The Magic of Medieval Scotland By Claire Delacroix
I love the Middle Ages. I love the stories from that period of history, the pageantry, the myths and legends. Not only are there knights and crusaders on fine warhorses, but there are outspoken queens and beautiful damsels who may or may not need rescuing. I love the processions, the inventories of courses at feasts and – of course – the notion that the world is not all that it seems. If they ever invented a way to time travel to the 12th century in Europe, I’d be first in line!
The Middle Ages is also not that distant for us in terms of ideas Many of our ideas about love and romance come from the Middle Ages and the stories their troubadours told in medieval halls. (Maybe the first thing I’d do in the twelfth century would be to sneak into the great hall of a grand castle, find a seat at the board, have a cup of mead and listen to the music and stories.) In addition, many of our ideas about paranormal or fantastical beings – like the Fae or like shapeshifters – also have roots in this era. For me, the Middle Ages is a period in which all things are possible – and that’s why I write medieval romance.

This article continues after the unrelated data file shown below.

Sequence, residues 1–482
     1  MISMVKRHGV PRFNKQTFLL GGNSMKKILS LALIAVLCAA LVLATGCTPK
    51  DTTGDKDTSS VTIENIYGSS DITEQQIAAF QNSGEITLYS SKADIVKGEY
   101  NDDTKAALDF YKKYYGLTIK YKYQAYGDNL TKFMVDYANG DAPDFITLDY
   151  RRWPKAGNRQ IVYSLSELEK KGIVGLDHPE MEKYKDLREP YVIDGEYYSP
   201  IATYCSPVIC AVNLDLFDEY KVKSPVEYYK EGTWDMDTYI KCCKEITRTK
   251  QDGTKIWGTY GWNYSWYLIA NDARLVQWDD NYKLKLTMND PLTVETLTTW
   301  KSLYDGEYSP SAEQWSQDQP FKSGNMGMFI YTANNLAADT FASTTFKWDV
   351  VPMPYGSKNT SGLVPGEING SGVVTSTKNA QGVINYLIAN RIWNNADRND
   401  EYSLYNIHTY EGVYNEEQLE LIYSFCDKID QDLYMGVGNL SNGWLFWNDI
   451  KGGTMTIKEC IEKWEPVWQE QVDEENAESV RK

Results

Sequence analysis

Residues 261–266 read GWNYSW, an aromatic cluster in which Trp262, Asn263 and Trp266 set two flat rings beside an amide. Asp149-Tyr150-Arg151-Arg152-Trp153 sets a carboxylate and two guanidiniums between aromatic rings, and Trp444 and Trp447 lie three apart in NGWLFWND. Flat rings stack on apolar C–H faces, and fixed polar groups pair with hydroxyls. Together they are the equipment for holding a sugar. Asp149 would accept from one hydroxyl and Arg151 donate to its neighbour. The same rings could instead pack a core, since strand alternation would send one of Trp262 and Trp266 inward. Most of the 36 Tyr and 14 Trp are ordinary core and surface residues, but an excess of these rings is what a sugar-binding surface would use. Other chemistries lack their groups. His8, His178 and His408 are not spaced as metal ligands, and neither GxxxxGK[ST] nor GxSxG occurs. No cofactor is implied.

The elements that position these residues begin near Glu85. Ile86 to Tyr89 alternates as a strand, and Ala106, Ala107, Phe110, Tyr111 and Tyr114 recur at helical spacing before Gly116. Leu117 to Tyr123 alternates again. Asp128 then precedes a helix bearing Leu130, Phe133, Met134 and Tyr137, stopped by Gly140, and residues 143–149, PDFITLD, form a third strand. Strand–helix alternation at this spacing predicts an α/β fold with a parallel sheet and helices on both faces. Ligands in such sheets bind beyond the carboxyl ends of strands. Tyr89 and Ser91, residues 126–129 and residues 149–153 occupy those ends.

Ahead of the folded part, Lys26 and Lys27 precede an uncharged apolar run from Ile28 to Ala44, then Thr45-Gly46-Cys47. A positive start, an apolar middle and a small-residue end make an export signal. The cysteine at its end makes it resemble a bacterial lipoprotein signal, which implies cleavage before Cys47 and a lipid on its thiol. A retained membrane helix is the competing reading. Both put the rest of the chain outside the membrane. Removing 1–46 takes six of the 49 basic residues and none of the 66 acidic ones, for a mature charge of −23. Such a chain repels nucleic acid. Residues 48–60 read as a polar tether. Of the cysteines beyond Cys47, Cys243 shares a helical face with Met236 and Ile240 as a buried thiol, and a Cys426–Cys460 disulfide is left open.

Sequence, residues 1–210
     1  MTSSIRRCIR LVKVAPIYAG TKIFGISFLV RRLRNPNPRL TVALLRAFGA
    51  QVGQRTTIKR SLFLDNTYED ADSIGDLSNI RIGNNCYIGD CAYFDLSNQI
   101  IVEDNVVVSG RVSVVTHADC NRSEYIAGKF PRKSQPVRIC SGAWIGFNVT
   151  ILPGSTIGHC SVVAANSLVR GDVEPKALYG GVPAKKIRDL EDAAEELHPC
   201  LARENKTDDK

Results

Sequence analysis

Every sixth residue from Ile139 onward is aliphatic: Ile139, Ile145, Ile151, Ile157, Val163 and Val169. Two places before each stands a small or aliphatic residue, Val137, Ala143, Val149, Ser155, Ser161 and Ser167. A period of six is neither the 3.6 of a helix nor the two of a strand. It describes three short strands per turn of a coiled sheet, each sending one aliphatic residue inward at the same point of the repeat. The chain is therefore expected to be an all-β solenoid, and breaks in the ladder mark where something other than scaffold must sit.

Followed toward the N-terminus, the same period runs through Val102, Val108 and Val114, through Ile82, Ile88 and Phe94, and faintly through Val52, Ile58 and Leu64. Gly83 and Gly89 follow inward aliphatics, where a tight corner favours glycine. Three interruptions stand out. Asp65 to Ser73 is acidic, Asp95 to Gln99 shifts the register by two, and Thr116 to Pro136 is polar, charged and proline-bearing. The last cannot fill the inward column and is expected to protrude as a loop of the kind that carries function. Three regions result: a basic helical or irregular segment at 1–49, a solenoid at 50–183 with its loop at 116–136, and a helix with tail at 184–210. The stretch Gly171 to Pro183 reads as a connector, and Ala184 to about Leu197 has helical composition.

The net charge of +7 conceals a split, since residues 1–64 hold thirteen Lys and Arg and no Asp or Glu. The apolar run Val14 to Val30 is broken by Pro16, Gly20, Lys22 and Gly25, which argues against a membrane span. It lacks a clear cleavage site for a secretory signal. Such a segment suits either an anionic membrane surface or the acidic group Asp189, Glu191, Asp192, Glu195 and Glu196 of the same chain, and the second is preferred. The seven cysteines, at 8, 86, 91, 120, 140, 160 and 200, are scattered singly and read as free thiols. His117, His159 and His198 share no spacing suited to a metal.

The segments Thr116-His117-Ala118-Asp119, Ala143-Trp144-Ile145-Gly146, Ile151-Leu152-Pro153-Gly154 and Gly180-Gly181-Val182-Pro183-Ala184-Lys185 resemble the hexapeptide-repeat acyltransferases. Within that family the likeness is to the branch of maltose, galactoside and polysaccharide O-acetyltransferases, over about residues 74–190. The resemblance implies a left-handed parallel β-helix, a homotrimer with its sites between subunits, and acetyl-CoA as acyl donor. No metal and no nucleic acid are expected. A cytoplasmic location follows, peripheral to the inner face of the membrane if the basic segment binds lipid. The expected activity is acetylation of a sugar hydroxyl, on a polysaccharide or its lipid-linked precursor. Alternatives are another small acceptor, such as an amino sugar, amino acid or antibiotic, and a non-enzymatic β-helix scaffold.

Medieval Europe was a vast territory, each corner of it fascinating in its own way. For me, there are certain regions that are particularly interesting, and medieval Scotland is one of those. Why?
First of all, the landscape is beautiful. I have had the good fortune to travel in Scotland several times and the contrast between wild territories and cities within Scotland strikes me as being very medieval. It is easy to imagine wolves and elven queens in the forests even now, just out of range of the city’s walls and the church’s bells. I also love the old rocks, whether they are stone circles, broken castle walls, cobblestones underfoot or simply the rock of the earth itself, poking through the lichen.
Secondly, there is a rich cultural history in Scotland – as a storyteller, I love a place with good stories. Depending on the location in Scotland, there are stories influenced by the Norse and by the Irish Gaels, as well as those influenced by the French, the Normans, and the English. That mixture is distinctive and potent.